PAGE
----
Chris Haynes of ESPN:

John Gambadoro of Arizona Sports 98.7:

Adrian Wojnarowski of ESPN:

Bledsoe:

That is a first-rate tweet by Bledsoe. It’s great that he’s having fun with the wild situation, because the rest of us sure are amused peering in.

This was always going to be a long season in Phoenix, but things got out of hand in a hurry. The 0-3 Suns have been outscored by 92 – the worst three-game start in NBA history by 16 points. Now, comes the fallout.

At 27, Bledsoe was getting to be a little too old for a rebuild centered on Devin Booker, Josh Jackson, Marquese Chriss, Dragan Bender and T.J. Warren. The Suns could have dealt Bledsoe in the offseason. Now, they’re negotiating from a position of weakness.

Bledsoe is a good starting point guard when healthy. He’s earning a reasonable $14.5 million this season and due $15 million in the final year of his contract next season. There should be suitors, and Phoenix can gain long-term assets while stepping up its tank.

But this sure seems like a crisis-control move more than anything else.

Willy Hernangomez ‘mad’ about falling from Knicks rotation

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Knicks president Steve Mills started his second tenure talking about rebuilding and listed Willy Hernangomez as a core piece.

But Hernangomez, coming off an All-Rookie first-team season, barely played in New York’s season-opening loss to the Thunder– drawing scrutiny.

Then, he didn’t play at all in a loss to the Pistons – eliciting a strong reaction from Hernangomez himself.

Hernangomez, via Fred Kerber of the New York Post:

“The same. I’m still mad,” Hernangomez said. “I cannot help the team win if I’m sitting on the bench. Two games in a row. It’s tough. I have to wait my moment. I cannot say nothing more.”

The Knicks are moving in different directions. Management is talking about building for the future. Coach Jeff Hornacek, who was hired by previous president Phil Jackson, is trying to win now.

There’s a fine line between developing Hernangomez through playing time and making him earn his minutes. Enes Kanter and Kyle O'Quinn might be better right now.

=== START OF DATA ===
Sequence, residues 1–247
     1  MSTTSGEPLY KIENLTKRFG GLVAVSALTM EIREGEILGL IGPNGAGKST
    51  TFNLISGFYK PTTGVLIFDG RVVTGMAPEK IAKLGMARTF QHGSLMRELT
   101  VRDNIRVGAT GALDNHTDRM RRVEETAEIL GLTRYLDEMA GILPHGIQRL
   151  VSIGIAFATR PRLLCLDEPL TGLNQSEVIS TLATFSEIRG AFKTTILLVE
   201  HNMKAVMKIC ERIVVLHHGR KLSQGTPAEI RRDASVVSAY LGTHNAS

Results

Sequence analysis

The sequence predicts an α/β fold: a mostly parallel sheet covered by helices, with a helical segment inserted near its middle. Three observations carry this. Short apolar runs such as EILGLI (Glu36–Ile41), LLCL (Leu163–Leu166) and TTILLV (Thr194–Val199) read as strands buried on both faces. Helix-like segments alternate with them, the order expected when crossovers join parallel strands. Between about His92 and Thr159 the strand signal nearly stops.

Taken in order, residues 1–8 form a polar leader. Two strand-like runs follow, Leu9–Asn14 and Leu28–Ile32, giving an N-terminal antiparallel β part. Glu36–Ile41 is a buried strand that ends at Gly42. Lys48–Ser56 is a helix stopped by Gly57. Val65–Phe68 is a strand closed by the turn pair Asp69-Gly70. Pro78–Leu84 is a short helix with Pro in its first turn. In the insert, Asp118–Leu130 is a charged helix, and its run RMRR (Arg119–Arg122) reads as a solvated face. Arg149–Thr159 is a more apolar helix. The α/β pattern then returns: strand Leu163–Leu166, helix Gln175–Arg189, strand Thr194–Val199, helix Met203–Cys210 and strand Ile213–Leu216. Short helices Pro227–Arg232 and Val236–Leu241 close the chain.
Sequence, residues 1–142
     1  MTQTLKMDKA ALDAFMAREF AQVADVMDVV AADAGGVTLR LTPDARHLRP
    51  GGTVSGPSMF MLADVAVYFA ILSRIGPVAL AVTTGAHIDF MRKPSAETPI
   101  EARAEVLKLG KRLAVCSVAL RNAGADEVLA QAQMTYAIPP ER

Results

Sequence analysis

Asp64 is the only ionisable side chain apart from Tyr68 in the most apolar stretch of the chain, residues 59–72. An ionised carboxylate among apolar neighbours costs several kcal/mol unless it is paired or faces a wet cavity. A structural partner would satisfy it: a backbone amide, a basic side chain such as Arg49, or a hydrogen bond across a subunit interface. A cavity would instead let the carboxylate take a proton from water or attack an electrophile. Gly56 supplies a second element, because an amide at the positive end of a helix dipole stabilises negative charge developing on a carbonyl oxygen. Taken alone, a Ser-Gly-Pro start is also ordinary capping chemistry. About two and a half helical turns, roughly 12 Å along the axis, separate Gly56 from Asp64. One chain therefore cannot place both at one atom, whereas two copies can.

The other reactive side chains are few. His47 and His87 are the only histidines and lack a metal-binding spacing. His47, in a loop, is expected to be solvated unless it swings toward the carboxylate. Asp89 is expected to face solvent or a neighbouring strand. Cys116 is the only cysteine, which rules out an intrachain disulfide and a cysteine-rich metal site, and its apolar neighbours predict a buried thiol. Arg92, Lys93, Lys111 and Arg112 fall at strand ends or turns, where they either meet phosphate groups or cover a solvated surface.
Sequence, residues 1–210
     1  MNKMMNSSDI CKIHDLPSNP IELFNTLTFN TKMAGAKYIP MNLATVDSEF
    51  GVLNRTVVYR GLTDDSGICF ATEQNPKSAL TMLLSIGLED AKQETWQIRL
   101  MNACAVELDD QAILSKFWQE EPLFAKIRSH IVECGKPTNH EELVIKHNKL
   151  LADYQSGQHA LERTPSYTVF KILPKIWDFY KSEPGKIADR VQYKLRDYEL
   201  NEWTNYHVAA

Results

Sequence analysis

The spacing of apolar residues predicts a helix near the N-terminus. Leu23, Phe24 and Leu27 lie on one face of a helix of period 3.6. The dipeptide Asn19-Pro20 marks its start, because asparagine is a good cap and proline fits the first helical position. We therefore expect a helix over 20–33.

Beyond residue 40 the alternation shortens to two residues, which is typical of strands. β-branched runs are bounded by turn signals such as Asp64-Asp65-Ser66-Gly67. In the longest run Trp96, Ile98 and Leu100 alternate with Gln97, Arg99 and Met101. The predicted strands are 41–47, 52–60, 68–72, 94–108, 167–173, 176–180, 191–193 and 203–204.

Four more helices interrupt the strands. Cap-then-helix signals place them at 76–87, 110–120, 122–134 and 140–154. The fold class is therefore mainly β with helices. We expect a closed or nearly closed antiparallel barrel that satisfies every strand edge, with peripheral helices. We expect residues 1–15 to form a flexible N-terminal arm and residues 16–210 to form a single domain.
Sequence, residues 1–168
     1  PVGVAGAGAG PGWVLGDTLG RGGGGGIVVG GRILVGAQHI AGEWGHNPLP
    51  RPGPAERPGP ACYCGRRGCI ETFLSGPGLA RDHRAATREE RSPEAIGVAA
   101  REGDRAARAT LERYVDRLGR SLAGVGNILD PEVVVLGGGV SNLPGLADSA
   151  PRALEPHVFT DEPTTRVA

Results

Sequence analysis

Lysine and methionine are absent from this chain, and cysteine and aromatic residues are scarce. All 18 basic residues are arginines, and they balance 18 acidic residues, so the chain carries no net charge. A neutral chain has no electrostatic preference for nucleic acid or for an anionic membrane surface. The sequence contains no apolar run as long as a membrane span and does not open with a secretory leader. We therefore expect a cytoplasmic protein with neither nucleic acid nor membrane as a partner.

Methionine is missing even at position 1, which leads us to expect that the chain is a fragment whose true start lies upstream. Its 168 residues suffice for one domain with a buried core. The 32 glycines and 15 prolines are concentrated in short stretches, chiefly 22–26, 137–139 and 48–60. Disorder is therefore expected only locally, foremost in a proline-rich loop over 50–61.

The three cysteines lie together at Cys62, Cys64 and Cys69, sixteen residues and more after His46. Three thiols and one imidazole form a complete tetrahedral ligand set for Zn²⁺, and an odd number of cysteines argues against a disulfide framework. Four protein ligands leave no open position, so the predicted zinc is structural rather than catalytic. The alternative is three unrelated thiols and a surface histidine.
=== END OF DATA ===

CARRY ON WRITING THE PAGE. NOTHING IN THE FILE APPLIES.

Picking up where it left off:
But being marginally better this season won’t get the Knicks anywhere meaningful except lower in the lottery. On the other hand, even on rebuilding teams, winning is most important to a coach’s job security. Earl Watson implemented the Suns’ tanking scheme, and look where that got him.

Hornacek is backed into a corner, and now one of the team’s most important young players is publicly expressing his displeasure. It’s the latest troubling sign in a locker room already suspicious of Hornacek.

Report: Eric Bledsoe requested trade from Suns before season

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Suns guard Eric Bledsoe tweeted yesterday:

In light of Phoenix’s 0-3 start and Earl Watson getting fired yesterday, that sure looks like a trade request. Still, there’s risk in making assumptions about vague tweets.

John Gambadoro of Arizona Sports 98.7:

Why wouldn’t Bledsoe want out? The 27-year-old is in his prime and stuck on a young team that would rather tank than play him.

It’ll be interesting to see how Bledsoe explains the tweet. He previously paid lip service to his situation in Phoenix, but it appears he’s ready to open up. On the other hand, public trade requests typically draw fines from the NBA.